4 Kelly s trinity consists of three claims. The first claim (I) equates epistemically rational beliefs with beliefs supported by one s evidence. The second claim (II) equates beliefs supported by one s evidence with beliefs one has reason to believe. The third claim (III) equates epistemically rational beliefs with beliefs one has reason to believe. 1 (I) epistemic rationality evidential support (II) evidential support reason to believe (III) epistemic rationality reason to believe (III) is an implicit claim in Kelly (2003) insofar as he does not seem to distinguish between beliefs that are epistemically rational and beliefs that one has reason to believe. (I) is an explicit claim insofar as epistemic rationality is characterized in terms of what the evidence supports (Kelly 2003: 612). (II) is a consequence of (I) and (III). This picture of the relation between epistemic rationality, evidential support, and reason to believe leads Kelly to doubt the instrumentalist conception of epistemic rationality. According to Kelly (2003: 621) the most serious reason for skepticism about the instrumentalist conception of epistemic rationality is this: what a person has reason to believe does not seem to depend on the content of his or her goals in the way that one would expect if the instrumentalist conception were correct. Kelly assumes that what evidence a person possesses and which propositions this evidence supports does not depend on the goals this person actually has. Since Kelly (2003: 612) presupposes that epistemic rationality is the kind of rationality which one displays when one believes propositions that are strongly supported by one s evidence he concludes that epistemic rationality does not depend on the content of a person s goals. In support of his view Kelly (2003: 621) notes that we ordinarily talk as if reason to believe was categorical reason to believe. Another reason, Kelly thinks, is that one can have epistemic reasons to believe propositions even in cases in which it is clear that one s believing those propositions holds no promise of advancing any goal which one actually has (Kelly 2003: 630). 1 Kelly (2003; 2007) and Leite (2007) mostly use the terms epistemic reason, reason to believe, and epistemic reason to believe synonymously. 4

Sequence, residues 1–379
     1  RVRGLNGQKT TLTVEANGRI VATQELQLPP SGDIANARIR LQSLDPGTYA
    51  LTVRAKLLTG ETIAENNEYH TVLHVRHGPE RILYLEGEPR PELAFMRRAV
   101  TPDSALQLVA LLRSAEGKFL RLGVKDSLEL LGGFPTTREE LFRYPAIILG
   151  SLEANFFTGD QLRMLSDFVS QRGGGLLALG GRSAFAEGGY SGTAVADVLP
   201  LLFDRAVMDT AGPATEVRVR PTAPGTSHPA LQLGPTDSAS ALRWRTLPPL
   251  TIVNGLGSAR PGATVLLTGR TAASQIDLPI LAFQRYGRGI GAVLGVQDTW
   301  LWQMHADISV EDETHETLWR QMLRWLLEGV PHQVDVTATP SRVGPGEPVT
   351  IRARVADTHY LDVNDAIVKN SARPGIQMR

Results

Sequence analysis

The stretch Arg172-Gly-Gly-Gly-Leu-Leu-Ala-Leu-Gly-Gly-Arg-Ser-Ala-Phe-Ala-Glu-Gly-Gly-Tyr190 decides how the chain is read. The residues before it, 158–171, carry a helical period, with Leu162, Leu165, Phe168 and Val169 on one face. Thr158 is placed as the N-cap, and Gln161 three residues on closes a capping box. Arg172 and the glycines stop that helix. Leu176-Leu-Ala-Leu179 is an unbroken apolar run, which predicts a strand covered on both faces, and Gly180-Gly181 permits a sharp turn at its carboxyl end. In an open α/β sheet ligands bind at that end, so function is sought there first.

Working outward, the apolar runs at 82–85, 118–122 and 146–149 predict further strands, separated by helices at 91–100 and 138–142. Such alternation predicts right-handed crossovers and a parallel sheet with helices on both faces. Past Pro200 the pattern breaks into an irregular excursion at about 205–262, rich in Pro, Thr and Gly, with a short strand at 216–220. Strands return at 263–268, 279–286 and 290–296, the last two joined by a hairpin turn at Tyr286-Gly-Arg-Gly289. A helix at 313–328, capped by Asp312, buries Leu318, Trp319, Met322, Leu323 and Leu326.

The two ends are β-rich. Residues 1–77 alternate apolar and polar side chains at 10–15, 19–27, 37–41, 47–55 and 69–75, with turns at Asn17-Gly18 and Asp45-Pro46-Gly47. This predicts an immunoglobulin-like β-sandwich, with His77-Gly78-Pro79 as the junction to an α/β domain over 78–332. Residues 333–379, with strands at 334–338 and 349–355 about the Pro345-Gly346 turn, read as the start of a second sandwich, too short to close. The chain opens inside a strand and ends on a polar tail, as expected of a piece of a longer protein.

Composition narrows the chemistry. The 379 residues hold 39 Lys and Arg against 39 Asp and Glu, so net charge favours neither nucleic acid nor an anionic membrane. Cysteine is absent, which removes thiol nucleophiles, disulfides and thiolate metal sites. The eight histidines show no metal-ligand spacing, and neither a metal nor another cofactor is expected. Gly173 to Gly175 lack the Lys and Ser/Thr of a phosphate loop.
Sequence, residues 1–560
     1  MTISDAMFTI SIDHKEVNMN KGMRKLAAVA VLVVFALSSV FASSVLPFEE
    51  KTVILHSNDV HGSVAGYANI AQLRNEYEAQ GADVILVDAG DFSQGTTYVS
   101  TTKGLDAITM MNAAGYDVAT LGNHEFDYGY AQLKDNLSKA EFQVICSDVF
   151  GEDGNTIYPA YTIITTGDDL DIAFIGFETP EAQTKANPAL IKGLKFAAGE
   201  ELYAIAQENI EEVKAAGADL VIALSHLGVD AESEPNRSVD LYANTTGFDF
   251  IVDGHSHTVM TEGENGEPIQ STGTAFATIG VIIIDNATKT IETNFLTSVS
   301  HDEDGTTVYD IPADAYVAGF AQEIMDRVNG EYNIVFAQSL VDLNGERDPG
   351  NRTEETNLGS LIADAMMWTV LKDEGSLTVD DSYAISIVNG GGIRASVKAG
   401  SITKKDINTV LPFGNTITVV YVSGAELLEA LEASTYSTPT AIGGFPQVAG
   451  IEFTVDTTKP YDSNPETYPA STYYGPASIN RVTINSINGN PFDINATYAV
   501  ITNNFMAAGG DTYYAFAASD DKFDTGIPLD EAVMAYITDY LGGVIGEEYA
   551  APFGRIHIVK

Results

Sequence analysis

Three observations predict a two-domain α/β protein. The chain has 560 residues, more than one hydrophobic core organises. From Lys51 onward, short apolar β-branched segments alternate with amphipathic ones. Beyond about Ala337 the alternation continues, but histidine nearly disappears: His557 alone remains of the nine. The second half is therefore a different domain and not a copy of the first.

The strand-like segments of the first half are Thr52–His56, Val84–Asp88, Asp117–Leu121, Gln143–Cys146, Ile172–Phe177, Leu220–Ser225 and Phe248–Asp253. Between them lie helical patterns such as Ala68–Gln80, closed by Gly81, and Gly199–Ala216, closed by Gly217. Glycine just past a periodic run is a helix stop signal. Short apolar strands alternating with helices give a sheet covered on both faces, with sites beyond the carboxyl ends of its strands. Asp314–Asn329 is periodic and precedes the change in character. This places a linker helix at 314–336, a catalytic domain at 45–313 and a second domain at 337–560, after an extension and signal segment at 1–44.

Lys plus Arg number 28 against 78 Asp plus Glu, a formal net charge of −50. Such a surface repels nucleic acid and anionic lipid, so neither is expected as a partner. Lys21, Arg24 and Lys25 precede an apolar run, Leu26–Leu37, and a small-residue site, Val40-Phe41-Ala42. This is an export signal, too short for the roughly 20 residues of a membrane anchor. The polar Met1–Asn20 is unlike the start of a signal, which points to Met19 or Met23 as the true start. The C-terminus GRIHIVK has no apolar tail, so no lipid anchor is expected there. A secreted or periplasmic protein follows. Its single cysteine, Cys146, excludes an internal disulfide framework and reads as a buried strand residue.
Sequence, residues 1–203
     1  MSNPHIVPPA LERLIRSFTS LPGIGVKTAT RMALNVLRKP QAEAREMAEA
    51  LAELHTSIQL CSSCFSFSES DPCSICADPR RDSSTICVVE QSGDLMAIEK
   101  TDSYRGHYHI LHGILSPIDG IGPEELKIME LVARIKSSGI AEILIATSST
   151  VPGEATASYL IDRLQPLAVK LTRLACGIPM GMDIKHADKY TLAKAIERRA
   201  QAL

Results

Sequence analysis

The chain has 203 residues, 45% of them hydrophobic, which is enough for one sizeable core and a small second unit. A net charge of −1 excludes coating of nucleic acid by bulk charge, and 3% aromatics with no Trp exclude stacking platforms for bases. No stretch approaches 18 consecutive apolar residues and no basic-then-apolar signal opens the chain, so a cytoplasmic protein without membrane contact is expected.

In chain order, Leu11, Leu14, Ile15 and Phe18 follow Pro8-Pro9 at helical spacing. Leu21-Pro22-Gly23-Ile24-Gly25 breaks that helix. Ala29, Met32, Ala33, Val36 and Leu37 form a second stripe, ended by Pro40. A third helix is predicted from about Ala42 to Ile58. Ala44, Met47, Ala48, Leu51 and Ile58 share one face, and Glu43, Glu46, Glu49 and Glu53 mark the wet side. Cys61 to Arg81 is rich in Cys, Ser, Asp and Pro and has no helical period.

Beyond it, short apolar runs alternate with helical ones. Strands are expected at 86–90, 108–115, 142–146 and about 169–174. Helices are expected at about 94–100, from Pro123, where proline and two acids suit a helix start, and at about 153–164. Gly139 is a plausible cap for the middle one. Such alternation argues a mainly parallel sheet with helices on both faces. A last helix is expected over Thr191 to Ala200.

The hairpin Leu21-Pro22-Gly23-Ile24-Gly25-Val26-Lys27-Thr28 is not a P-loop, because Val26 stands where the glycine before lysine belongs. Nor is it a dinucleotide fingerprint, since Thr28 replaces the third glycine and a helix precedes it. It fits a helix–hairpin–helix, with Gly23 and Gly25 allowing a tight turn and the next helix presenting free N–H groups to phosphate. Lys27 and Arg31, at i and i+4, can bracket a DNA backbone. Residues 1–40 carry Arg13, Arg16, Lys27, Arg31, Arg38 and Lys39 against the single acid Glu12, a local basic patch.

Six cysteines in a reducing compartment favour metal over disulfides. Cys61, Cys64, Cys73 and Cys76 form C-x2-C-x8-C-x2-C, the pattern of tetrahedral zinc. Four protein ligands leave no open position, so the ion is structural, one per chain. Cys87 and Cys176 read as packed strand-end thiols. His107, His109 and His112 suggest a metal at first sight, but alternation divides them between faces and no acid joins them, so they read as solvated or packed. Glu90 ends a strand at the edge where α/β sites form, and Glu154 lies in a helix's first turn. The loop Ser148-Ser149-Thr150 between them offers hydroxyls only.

5 For Leite Kelly is begging the question when he characterizes epistemically rational beliefs as beliefs supported by one s evidence. The instrumentalist need not accept that this is a kind of rationality at all except insofar as one has the goals (whatever they might be) which would make such behavior instrumentally rational. (Leite 2007: 457) On behalf of the instrumentalist Leite suggests separating the question of what one has reason to believe from the question of what is supported by one s evidence (Leite 2007: 456). In terms of Kelly s trinity he denies (I) as well as (II). Having epistemic reasons to believe that p is having epistemic reasons to do something: to form a belief on a certain subject matter. But the mere possession of strong evidence doesn t give me a reason to form a belief. There are many propositions which it would be pointless for me to bother to take any attitude towards, even though I possess strong evidence in their favor. I can t justly be charged with irrationality even with epistemic irrationality for failing to do so. (Leite 2008: 561) Leite subscribes to (III) and contends that one can defend the instrumentalist conception of epistemic rationality by characterizing the latter in terms of reason to believe rather than evidential support. Call the result Leite s duality (Figure 2). epistemic rationality reason to believe evidential support Figure 2 Leite s rejection of (II) is a natural picture to have on a non-normative view of evidential support. For instance, if evidential support is defined in terms of a frequentist notion of reliability, then what is supported by one s evidence may come apart from what one has reason to believe, if only 5